5G is never far from the headlines, but what about privacy by design in the context of devices that make up the Internet of Things? Then, as things develop, privacy issues mount, as do opportunities for data insights. Dr Yevhenii Karpliuk, who has ten years plus experience with biomedical systems development, embedded systems and IoT solutions design, spoke to Information Age. We started with the issues of the IoT and privacy.
Information Age: As IoT and 5G continue to rapidly evolve, is enough attention being paid to privacy and security?
Definitely there is not enough attention being paid to privacy and security.
IoT and connectivity are growing rapidly, so more and more potential vulnerabilities may be introduced if no security strategy was applied during the design phase.
Just a few examples: IoT platforms provide basic HTTPS/SSL transport, but not keys deployment during manufacturing,
5G enables high throughput that means that more and more private information may be cached quite quickly in the background without any user alerts.
Security is a great concern with IoT deployment, but what about edge security?
Information Age: From a developer’s point of view, how is privacy and security being built into services and devices?
Dr Karpliuk: The common approach for IoT is to use factory provisioned security keys and store them in some secure OTP area in the device. Then these keys are used as the basis for all encryption, authentication and OTA operations.
But the IoT core development and architecture design should follow a Secure-by-Design approach. It means that new IoT product needs to integrate security into product development as early as possible.
Architecture and data storage should be designed in such way that enables GDPR compliance.
So keys and IoT device provisioning should comply with security and privacy data management guidelines.
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Information Age: As the IoT ecosystem evolves and expands, will new levels of security and privacy provisions be needed?
Dr Karpliuk: To make IoT solutions secure and enable privacy data protection architecture design and development have to include security features at early phases.
IoT systems are distributed, so it’s crucial to have unified and well-designed security guidelines that enable encryption on transport layer, security keys, and certificates generation, distribution and validation.
Integration with third-party services may introduce new security breaches. So is crucial to check that all components comply with security guidelines principles and provide interfaces that are secure and could be provisioned in a proper way.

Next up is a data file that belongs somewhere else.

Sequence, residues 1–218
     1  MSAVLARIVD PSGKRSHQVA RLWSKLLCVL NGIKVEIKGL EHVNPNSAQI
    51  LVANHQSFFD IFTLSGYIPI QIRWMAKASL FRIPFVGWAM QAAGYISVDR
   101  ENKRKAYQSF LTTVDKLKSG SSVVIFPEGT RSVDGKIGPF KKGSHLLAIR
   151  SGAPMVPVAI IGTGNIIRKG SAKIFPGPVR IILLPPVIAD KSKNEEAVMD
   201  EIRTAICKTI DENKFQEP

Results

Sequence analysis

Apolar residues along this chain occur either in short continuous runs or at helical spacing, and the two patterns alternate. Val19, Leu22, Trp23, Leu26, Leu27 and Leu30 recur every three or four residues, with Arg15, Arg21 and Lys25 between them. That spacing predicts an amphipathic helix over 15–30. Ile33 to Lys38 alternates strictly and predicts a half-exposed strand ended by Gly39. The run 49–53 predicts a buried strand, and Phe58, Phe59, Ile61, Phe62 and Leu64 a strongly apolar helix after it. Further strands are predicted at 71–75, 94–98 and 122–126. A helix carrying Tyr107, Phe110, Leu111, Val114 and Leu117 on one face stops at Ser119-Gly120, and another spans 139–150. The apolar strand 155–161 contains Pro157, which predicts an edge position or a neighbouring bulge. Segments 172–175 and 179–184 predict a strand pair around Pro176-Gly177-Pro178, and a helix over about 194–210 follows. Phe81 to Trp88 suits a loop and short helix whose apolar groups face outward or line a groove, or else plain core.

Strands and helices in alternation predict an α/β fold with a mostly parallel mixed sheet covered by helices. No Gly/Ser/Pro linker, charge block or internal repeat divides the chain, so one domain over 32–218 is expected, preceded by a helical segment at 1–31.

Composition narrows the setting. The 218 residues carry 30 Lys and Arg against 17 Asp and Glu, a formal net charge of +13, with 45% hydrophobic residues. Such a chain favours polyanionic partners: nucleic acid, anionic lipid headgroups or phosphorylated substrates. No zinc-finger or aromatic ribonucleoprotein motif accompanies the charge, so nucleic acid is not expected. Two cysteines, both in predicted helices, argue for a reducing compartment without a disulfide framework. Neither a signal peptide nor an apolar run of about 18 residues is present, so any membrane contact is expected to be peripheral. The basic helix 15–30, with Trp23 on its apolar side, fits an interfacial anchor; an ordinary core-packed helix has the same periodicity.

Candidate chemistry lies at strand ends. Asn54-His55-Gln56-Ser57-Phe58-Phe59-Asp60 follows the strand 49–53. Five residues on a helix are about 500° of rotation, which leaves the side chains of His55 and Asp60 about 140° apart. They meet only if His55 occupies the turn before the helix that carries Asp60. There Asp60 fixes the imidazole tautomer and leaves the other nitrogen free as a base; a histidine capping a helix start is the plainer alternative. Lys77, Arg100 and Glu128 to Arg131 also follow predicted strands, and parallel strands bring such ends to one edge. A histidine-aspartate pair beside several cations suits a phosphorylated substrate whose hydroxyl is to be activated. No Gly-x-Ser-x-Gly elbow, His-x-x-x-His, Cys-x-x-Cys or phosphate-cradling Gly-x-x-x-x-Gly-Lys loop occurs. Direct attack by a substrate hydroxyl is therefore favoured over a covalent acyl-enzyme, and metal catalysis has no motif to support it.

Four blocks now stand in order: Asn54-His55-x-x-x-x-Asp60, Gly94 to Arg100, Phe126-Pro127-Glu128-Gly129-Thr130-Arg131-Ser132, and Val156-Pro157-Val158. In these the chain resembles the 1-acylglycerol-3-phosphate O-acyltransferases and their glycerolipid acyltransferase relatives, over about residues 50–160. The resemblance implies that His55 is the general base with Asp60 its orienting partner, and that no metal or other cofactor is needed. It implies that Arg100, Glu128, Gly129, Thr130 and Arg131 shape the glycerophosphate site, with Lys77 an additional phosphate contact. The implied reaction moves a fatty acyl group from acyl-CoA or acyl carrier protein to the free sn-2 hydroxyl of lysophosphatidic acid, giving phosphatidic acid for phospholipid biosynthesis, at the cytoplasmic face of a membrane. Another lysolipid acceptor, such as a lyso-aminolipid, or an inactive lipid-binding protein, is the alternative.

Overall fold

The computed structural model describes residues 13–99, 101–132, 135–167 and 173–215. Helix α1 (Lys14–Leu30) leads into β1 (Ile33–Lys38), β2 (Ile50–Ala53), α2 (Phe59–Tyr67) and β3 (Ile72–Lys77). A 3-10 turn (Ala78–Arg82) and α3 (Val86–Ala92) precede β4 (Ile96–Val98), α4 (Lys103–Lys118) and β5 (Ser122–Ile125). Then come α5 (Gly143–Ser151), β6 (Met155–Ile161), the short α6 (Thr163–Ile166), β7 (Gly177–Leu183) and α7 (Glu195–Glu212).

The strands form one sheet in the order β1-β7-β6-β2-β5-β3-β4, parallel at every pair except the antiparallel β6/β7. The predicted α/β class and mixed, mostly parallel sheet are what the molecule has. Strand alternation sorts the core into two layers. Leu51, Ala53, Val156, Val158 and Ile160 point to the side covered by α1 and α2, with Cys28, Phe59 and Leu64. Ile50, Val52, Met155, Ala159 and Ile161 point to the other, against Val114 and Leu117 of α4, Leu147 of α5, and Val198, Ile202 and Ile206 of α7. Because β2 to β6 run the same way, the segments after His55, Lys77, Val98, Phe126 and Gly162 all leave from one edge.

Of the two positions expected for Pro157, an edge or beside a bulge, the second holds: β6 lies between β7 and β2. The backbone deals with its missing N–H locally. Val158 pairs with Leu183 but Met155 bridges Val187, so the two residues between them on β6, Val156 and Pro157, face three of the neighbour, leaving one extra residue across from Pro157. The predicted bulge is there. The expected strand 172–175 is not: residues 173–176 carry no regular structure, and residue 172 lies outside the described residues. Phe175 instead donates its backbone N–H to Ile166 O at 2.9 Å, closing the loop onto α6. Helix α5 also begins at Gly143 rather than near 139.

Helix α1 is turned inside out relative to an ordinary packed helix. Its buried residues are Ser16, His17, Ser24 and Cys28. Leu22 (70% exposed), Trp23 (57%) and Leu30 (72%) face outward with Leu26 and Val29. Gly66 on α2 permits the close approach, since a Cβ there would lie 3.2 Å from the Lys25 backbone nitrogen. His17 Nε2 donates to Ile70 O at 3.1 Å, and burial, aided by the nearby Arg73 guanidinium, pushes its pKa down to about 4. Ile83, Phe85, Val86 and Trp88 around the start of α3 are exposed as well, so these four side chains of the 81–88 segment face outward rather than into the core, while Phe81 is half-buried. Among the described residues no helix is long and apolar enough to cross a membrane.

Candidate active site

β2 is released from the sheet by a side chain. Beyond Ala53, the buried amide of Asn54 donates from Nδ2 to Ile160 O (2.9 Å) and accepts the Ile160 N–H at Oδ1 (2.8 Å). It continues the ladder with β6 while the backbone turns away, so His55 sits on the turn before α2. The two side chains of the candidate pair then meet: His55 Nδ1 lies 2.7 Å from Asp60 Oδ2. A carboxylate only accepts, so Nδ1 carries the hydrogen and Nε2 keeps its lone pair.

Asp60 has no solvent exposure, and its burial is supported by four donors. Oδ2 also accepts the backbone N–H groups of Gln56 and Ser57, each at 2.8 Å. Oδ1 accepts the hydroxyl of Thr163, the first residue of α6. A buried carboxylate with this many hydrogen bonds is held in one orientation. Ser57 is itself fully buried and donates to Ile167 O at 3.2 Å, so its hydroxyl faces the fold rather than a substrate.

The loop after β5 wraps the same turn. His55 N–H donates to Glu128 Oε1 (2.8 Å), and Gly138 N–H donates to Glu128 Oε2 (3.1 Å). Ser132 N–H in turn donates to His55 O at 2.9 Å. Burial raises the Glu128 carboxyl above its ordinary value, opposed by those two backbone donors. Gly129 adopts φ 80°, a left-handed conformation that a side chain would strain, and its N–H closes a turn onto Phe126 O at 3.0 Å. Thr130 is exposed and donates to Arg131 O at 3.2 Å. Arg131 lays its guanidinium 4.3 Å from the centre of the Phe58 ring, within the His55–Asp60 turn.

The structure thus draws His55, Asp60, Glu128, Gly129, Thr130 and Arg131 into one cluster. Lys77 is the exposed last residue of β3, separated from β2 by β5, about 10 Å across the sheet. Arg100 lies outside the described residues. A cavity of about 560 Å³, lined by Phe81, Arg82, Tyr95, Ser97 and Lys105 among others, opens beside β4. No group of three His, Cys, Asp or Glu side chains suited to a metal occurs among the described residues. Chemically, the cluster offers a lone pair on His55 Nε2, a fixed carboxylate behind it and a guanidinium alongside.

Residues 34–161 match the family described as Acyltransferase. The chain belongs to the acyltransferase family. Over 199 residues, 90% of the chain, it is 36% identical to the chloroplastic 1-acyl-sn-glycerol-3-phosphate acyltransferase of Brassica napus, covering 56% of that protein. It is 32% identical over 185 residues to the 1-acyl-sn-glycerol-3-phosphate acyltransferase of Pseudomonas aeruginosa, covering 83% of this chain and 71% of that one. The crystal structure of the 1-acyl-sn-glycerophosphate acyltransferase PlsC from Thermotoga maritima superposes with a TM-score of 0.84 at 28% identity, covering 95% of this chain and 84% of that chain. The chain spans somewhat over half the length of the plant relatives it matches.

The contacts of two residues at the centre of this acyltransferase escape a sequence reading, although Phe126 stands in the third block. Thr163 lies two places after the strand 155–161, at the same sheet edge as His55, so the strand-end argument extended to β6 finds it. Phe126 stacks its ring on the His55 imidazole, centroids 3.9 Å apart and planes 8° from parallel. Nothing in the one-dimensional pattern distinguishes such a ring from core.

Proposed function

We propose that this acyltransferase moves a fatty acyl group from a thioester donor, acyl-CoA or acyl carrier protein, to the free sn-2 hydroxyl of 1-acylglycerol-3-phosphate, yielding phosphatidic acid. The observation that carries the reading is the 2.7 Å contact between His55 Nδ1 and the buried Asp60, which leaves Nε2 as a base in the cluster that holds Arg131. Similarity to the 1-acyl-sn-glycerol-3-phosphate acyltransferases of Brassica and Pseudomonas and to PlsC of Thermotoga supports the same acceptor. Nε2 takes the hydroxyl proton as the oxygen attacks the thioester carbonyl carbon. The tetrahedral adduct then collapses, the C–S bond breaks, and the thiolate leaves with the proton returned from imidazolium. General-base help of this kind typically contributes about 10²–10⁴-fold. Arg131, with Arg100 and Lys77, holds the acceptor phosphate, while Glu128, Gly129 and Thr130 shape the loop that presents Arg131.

It’s more and more beneficial to include security and privacy monitoring components into IoT ecosystem. With AI/Data-driven approach these components enable not only reporting of existing security issues but also can generate some insights to prevent security incidents.
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Information Age: Any insight into data collection and analytics in the IoT space?
Dr Karpliuk: IoT and data collection are linked together. Data consumed and produced keeps growing at an ever-expanding rate.
The data generated from IoT devices brings the value only if it gets subjected to analysis, which brings data analytics into a floor.
Data Analytics is defined as a service or process that is used to analyze big and small data sets to extract meaningful conclusions and actionable insights.
These conclusions are usually in the form of trends, patterns, and statistics that aid business organizations in proactively engaging with data to implement effective decision-making processes.
Device twins or shadow are becoming important in the design for IoT devices management, data caching and metadata storage.
But still, there is no unified approach or standart on how to handle metadata.
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Yevhenii Karpliuk, Ph.D, is the IoT Technical Lead at Ciklum. He has over 10 years of experience in biomedical systems development, embedded systems and IoT solutions design. His background is in medical-grade devices development including certification assistance, distributed monitoring systems, IoT solutions architecture. His current research interests include biomedical signal processing, biomedical devices design, high-resolution ECG systems, adaptive signal processing, patient monitoring, e-Health and Industry 4.0.